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Wednesday / 22 May 2024
HomeFeaturesWhat to expect from petrol prices in South Africa in 2024

What to expect from petrol prices in South Africa in 2024

South African motorists can look forward to a lighter burden on their wallets for the first few months of 2024, but after this, they should brace fuel rates that are more on par with the high prices that have dominated headlines this year.

This is according to the research and consultancy group PwC, whose data projects that South Africa’s fuel prices will continue declining from where they are now through the first quarter of 2024, but that overall costs will likely hover around the elevated threshold that has become the new norm in 2023.

Short-term relief but long-term pain

As of December 2023, petrol 95 is currently trading at R23.25 per litre at inland rates, while diesel 0.005% is sitting at R21.99 per litre.

This is a drop of 65 cents per litre for petrol and R2.41 per litre for diesel from November, and averaged out over the last three months, petrol has been going for roughly R24.13 per litre while diesel has traded at R23.72 per litre.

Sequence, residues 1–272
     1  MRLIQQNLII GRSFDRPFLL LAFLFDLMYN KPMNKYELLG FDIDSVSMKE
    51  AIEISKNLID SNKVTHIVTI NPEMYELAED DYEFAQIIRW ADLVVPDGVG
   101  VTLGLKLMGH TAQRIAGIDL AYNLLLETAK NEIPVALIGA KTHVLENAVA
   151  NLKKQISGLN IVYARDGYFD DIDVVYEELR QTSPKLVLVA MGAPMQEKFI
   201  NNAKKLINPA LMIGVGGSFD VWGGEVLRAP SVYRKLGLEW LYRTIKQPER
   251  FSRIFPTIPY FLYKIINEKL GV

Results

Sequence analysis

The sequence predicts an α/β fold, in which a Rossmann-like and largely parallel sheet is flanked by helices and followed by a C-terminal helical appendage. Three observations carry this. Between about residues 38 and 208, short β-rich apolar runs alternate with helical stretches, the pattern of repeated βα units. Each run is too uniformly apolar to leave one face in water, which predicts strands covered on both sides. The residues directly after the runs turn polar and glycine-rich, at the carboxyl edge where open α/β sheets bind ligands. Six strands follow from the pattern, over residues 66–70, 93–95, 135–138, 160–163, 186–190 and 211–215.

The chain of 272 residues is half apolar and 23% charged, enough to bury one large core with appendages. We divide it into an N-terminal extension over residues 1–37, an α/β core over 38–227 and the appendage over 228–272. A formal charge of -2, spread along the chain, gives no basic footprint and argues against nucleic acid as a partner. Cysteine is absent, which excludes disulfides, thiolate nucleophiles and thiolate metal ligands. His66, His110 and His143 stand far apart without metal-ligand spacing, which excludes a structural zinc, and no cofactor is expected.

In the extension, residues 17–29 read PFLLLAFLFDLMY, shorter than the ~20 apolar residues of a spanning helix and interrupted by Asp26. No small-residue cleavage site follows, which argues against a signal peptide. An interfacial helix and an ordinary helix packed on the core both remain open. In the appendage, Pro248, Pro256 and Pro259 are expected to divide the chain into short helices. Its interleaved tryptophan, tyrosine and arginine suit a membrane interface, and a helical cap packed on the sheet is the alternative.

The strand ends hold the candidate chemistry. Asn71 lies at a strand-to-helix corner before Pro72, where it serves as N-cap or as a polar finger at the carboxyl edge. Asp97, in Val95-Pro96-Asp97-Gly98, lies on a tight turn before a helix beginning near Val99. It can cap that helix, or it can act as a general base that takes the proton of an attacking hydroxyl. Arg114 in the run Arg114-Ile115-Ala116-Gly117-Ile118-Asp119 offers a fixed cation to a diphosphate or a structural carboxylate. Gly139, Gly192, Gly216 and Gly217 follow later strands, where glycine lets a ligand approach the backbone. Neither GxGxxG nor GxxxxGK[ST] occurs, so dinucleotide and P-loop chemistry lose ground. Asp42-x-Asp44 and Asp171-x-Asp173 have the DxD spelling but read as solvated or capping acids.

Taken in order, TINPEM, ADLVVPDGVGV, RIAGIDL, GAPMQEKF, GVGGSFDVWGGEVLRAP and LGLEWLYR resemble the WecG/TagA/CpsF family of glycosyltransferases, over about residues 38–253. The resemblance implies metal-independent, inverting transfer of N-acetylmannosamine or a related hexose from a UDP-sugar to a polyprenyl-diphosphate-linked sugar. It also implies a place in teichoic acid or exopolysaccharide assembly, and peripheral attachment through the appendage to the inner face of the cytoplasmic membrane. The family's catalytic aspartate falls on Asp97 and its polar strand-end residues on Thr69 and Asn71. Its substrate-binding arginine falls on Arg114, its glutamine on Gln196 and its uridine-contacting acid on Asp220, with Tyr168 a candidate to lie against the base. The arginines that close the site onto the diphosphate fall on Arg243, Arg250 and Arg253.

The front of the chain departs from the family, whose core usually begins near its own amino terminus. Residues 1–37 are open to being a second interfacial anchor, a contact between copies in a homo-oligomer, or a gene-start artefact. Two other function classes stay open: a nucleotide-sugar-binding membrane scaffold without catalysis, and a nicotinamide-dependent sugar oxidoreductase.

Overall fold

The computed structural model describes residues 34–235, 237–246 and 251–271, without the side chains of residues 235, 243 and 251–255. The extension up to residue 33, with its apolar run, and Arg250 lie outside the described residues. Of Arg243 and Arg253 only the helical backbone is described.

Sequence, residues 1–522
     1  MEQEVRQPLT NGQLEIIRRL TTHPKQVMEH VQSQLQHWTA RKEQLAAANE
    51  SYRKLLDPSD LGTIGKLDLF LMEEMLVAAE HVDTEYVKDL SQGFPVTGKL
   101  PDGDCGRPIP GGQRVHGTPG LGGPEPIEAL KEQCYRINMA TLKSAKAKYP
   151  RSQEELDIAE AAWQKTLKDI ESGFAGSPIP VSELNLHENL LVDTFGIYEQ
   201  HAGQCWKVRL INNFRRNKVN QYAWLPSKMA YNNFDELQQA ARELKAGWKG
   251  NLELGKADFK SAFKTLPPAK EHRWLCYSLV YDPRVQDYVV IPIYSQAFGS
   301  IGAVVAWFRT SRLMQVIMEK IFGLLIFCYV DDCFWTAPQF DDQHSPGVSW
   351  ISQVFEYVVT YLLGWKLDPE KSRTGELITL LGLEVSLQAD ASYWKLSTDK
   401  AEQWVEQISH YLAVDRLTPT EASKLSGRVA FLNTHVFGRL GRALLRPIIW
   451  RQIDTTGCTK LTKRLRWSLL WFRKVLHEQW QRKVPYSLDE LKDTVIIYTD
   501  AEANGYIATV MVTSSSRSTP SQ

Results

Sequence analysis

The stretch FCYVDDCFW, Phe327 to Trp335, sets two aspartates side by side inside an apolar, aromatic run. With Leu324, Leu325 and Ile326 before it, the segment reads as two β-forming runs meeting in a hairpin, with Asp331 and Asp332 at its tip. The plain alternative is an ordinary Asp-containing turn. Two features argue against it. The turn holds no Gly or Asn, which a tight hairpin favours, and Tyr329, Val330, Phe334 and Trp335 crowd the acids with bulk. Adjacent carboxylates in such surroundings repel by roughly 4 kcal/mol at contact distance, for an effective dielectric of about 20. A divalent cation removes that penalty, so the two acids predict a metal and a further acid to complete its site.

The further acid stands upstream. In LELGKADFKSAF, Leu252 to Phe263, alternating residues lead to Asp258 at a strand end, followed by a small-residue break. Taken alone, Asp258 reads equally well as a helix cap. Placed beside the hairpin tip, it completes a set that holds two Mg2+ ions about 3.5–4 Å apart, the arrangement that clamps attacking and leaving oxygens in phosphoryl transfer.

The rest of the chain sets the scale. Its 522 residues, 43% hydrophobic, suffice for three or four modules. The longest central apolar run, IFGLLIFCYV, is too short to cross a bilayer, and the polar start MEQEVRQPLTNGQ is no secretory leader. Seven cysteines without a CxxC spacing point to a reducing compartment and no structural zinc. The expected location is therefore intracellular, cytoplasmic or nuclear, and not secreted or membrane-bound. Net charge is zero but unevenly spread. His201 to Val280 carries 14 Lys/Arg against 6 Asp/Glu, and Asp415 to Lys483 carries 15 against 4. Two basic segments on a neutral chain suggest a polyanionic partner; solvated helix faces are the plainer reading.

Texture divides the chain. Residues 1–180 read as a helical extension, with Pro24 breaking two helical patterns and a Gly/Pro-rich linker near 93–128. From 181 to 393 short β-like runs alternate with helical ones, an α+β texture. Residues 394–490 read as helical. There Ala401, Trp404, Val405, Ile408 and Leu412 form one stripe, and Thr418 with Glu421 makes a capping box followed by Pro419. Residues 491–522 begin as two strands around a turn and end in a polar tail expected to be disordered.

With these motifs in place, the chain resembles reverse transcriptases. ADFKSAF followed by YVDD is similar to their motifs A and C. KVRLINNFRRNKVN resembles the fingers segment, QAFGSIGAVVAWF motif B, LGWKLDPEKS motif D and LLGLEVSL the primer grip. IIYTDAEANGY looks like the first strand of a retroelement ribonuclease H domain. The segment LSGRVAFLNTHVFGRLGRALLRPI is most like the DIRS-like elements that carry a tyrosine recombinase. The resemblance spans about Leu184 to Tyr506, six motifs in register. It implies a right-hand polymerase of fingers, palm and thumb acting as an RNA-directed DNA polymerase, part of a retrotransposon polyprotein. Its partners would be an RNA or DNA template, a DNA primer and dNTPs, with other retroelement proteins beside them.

Based on PwC’s projections, petrol should hopefully drop to a mean of R23.02 per litre for the first three months of 2024, while diesel should be reduced to R21.21 per litre, bringing some much-needed relief for the average consumer in the new year.

These forecasts are determined using data for the projected future monthly price for Brent crude oil as well as the US dollar exchange rate, where the former is anticipated to decline while the latter is expected to rise slightly.

The rand’s value in particular is expected to continue its slow depreciation against the dollar in line with a now long-term historical precedent that has been established, as the exchange rate is on track to depreciate from its current rate of R18.30/$ to around R18.95/$ by the end of next year, writes BusinessTech.

As for oil prices, the current estimations from the US Energy Information Administration (EIA) suggest that OPEC+ nations will drop their production by 340,000 barrels per day to 37.8 million barrels per day in the coming year, which should put a floor beneath the global market price for the black gold.

The combination of these factors means that petrol is currently projected to cost 0.6% more over the course of the next 12 months, while diesel is actually expected to decrease by the same amount.

While these are not significant numbers either way, it comes as relatively good news considering that South Africa’s inflation rate is forecast for 5.2% in 2024, said PwC.

In any case, petrol is showing that it is still on a slow upward trend despite the recent price cuts, owing to the rand’s decreasing value outweighing the predicted decline in future oil prices.

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